A blog for better streets and public spaces in Portland, Maine.

Monday, October 1, 2007

Whose priorities?

PACTS, the regional transportation planning agency in charge of doling out federal transportation funds for our metropolitan area, just released its preliminary draft list of "high-priority" 2009 project candidates (listed in order below). Keep in mind that a gallon of gasoline will probably cost well over $4 by then, and also keep in mind that this is a draft list of priorities, theoretically rearrangeable with input from the public...

  1. Rebuild Veteran's Bridge (Route 1 between Portland and South Portland): $30 million

  2. Buses, ferries, paratransit vehicles: $15 million

  3. Gorham bypass, phase II (northern connection between West Gorham and Moser's Corner): $35 million

  4. Widen I-295 through Portland's Bayside and Libbytown neighborhoods: $30 million

  5. Widen I-295 through Falmouth, Yarmouth, and Freeport: $50 million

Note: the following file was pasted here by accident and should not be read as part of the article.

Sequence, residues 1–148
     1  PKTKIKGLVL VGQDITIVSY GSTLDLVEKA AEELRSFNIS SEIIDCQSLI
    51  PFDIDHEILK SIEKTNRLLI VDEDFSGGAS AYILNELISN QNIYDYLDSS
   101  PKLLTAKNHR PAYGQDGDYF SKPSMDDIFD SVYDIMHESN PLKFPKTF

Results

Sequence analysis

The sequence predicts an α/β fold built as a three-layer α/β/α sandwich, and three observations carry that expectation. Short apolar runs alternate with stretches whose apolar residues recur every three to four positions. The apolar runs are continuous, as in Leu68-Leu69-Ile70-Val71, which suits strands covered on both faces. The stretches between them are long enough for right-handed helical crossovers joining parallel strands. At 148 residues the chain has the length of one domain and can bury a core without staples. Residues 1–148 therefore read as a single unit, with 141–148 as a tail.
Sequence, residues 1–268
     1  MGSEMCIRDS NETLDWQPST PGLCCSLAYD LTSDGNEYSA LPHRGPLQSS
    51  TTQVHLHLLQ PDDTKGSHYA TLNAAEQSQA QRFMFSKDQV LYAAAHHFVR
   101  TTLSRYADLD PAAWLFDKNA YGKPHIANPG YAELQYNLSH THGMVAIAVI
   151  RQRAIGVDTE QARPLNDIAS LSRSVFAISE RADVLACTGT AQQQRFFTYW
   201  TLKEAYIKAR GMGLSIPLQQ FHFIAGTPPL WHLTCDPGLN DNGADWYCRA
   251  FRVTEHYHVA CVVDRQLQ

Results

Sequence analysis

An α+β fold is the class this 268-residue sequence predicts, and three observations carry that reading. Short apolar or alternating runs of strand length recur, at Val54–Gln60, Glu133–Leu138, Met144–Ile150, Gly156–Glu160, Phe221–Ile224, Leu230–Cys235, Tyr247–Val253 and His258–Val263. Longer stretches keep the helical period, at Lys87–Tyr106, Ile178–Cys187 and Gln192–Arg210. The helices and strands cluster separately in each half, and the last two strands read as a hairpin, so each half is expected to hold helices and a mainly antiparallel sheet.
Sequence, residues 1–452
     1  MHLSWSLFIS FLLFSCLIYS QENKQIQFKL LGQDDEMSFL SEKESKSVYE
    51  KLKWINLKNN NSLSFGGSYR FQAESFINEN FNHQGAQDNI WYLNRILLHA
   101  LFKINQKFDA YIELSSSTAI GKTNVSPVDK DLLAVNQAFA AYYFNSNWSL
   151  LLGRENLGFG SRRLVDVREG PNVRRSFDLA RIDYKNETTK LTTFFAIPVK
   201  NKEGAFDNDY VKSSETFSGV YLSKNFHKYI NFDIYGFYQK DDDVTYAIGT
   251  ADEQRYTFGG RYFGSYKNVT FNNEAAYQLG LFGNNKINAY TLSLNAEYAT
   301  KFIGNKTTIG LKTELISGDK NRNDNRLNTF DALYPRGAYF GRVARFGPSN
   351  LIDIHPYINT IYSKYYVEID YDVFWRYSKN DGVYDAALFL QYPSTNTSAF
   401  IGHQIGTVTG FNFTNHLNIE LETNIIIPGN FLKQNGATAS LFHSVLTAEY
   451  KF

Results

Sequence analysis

6. Rebuild Exit 20 in Freeport: $11 million

  7. Philbrook Road area (between the Maine Mall and the Turnpike): $10 million

  8. Passenger rail to Brunswick (requires operational funding and completion of a 2-year study): $100 million
Note that a combined $91 million near the top of this list of priorities would go towards widening and "improving" I-295 in the same exact corridor as the $100 million Brunswick rail line, which clocks in at the unlikely-to-happen bottom of the list.

These two projects are competing with each other to achieve the same goal: to reduce regional traffic congestion between Portland and Brunswick. Rail transit would meet that goal at much lower costs to neighborhoods and air quality (and probably lower costs to future taxpayers as well, since maintenance expenses are smaller for railroads than for a six-lane freeways), but it's been shoved to the bottom of the list while freeways hog our money.

Why not commuter bus service to Brunswick while the rail study gets written? Where are the bus lines to Windham and Gorham? Will the Sidewalk to Nowhere on the existing Veteran's Bridge finally connect to Somewhere when they rebuild it? Why is virtually all of the proposed funding (save for that bridge replacement and an unwanted Robert Moses-style freeway widening) going to far-flung suburbs instead of town centers?

If I understood the appeal of drive-through cuisine and spending half of my leisure time trapped in a drivers' seat, maybe I'd be able to tell you. Instead, ask your PACTS representatives what kind of exhaust they're smoking. Then let your Congressional representatives know what the real priorities ought to be.

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